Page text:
Two fleets set sail from Spain’s Port of Palos on August 3, 1492, floating together down the Rio Tinto. On one vessel was the final batch of expelled Jews, who, rather than repudiate their faith and become conversos (Christian converts) in the face of death if they remained in their home country, set out for an unknown fate in a new world. Leading the other ships, named the Pinta, Niña, and Santa María, was a little known explorer named Christopher Columbus.
Whether fact or legend, there are those who say that Columbus set out with the expelled Jews because he had stalled his voyage, originally set for August 2, by one day; that year, August 2 was the commemoration of Tisha B’Av, a fast day of mourning for the fall of the Jewish Temples.
For some scholars, the shared launch date is more than coincidental. Is it possible that Columbus too was a Jew in search of a better future?
Since the late 1800s, Columbus historians have diligently worked to unearth the true origin story behind the man who set sail for India in 1492 and instead unwittingly found a new world.
The man most believe to have been born in Genoa has been variously described as an heir to nobility or a pirate. Some early 19th century Spanish scholars claimed he was actually born Cristobal Colon in Pontevedra, a large Galician port in northern Spain.
Others writers, including Nazi hunter Simon Wiesenthal, who wrote a popular book “Sails of Hope” on the explorer, think he was a Jew.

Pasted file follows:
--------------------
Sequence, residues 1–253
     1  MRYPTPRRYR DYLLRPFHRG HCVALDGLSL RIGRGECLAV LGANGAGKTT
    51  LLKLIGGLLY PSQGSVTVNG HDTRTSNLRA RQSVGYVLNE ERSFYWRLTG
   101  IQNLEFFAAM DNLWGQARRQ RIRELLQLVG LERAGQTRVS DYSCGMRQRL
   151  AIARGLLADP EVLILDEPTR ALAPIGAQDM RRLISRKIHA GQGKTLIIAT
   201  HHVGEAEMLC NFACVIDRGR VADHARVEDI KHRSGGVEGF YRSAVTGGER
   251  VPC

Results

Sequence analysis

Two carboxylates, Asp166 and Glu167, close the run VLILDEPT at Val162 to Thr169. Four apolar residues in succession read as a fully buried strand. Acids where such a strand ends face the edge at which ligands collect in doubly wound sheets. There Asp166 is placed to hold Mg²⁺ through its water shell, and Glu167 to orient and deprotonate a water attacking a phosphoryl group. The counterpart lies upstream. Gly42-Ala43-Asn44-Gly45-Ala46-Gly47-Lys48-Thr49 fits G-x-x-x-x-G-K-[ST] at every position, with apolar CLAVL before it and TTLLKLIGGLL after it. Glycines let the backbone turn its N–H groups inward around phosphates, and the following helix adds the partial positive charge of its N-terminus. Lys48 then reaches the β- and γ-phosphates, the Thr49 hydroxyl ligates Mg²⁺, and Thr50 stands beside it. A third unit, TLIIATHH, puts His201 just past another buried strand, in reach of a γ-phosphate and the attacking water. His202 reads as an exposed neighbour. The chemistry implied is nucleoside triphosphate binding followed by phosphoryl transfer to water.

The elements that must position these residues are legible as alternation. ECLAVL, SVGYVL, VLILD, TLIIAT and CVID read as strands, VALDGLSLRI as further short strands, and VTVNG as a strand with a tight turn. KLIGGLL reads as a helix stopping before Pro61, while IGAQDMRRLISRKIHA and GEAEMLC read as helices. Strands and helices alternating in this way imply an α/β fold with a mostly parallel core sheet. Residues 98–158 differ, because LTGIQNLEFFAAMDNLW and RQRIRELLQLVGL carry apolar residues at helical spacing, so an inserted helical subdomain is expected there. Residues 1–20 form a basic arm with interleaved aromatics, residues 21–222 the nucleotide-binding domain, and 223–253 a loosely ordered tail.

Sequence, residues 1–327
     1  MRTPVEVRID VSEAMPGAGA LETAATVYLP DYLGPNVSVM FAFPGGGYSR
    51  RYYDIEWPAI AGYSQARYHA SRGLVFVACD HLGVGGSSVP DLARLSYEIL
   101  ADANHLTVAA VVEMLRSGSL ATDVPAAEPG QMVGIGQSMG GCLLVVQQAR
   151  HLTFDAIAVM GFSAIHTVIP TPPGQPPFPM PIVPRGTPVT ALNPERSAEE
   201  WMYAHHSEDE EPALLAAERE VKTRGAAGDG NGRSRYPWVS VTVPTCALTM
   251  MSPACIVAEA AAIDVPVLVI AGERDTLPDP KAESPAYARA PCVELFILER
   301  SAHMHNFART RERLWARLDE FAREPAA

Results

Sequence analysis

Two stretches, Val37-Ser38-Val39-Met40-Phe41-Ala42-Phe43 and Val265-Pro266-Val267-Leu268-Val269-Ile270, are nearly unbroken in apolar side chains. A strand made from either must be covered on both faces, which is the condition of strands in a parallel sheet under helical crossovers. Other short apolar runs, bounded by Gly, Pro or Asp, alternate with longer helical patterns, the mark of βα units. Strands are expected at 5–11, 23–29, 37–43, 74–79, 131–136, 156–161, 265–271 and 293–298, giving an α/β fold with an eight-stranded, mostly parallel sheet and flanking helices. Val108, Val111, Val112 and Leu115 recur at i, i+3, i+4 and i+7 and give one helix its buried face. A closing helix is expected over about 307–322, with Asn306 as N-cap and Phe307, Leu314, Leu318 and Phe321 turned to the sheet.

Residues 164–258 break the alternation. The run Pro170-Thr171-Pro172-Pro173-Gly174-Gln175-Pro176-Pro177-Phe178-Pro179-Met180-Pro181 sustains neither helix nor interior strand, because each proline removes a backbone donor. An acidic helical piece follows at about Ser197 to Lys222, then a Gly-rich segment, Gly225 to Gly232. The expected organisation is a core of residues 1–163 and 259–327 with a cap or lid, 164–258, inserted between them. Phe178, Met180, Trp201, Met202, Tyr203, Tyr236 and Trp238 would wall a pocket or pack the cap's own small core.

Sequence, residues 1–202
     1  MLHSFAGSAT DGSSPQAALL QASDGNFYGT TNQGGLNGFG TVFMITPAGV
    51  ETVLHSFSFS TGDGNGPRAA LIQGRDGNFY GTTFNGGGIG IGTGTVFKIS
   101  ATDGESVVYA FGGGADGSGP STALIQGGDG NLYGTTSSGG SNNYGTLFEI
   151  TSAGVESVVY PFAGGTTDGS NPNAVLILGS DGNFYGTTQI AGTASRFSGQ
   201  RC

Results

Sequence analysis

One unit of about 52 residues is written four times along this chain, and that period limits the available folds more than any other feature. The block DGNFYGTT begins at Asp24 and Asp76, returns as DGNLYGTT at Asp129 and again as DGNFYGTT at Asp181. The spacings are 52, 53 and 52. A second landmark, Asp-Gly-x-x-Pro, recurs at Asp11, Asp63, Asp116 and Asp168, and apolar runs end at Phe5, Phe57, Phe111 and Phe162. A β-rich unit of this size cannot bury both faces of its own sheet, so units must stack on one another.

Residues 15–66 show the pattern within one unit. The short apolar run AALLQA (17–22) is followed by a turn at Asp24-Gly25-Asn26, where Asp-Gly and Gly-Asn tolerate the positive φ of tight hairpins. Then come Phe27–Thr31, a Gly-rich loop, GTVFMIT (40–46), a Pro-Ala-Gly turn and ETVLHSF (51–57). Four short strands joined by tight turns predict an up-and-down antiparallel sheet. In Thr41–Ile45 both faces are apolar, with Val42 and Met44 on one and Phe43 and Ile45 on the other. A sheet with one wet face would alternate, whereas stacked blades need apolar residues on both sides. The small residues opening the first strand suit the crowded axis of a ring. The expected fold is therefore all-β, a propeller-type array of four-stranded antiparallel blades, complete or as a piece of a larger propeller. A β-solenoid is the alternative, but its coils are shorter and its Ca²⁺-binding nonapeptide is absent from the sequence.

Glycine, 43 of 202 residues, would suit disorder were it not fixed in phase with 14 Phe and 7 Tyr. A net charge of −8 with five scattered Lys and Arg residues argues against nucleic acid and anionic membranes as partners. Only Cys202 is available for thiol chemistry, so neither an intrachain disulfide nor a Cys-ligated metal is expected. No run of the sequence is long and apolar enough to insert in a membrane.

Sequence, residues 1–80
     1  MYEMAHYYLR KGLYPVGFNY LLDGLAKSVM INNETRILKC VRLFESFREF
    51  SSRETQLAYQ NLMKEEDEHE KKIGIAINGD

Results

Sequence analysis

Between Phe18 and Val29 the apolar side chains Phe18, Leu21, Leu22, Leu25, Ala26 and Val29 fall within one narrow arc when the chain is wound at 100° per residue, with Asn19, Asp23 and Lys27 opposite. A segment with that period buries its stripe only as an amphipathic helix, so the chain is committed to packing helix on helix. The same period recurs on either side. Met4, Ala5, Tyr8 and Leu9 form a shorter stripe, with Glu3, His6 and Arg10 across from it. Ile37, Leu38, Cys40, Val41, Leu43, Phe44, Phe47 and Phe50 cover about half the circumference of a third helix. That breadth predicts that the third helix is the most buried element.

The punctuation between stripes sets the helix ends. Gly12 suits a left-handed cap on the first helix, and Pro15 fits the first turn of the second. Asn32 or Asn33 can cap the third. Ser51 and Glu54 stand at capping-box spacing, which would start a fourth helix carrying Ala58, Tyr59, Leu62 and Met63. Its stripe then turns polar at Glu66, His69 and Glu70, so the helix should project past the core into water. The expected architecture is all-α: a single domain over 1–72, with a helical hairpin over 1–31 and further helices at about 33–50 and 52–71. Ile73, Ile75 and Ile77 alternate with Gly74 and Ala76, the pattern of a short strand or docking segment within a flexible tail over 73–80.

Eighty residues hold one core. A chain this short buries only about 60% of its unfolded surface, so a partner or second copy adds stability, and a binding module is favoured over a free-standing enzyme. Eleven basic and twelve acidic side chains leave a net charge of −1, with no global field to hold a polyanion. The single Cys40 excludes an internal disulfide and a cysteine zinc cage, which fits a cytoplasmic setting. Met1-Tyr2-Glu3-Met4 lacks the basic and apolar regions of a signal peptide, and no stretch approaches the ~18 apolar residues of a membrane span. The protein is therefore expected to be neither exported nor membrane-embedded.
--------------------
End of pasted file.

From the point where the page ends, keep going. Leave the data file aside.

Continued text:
Unfortunately, there is no physical historical evidence of Columbus’s roots, according to Prof. Ram Ben-Shalom, director of Hebrew University’s Center Hispania Judaica. That paucity of proof, he said in a phone call on Monday, Columbus Day, is probably intentional on the part of the explorer.
“His past is murky — apparently purposefully so,” he said. Despite the consensus of opinion, there is no official documentation that Columbus hailed from Genoa. “There are indications that he was even Spanish,” he said, due to Columbus’s better fluency in the language in his writings.
During the reign of Isabella and Ferdinand, Columbus could have many reasons to rewrite his own personal history. Perhaps, Ben-Shalom said, the would-be voyager was from a poor trading family (one theory is he comes from a family of weavers), and he wanted to impress potential patrons with a better lineage.
But did he obfuscate his past because he was a converso?
“There is no direct evidence, but the idea of him blurring his past because he was of Jewish ancestry is very possible,” said Ben-Shalom. By the time Columbus reached court in the 1480s, the Catholic monarchs’ Spanish Inquisition was in full swing, and the scrutinization of conversos was particularly cruel.
According to a 1934 JTA article discussing then-breaking edge research indicating Columbus’s Sephardic Jewish origins, “In Spain, it was fatal to admit being a Jew, because there was more chance of being favorably accepted in Madrid as a foreigner rather than as a native from Galicia, which at that time was not in the good graces of the ruling provinces of Castile and Aragon.”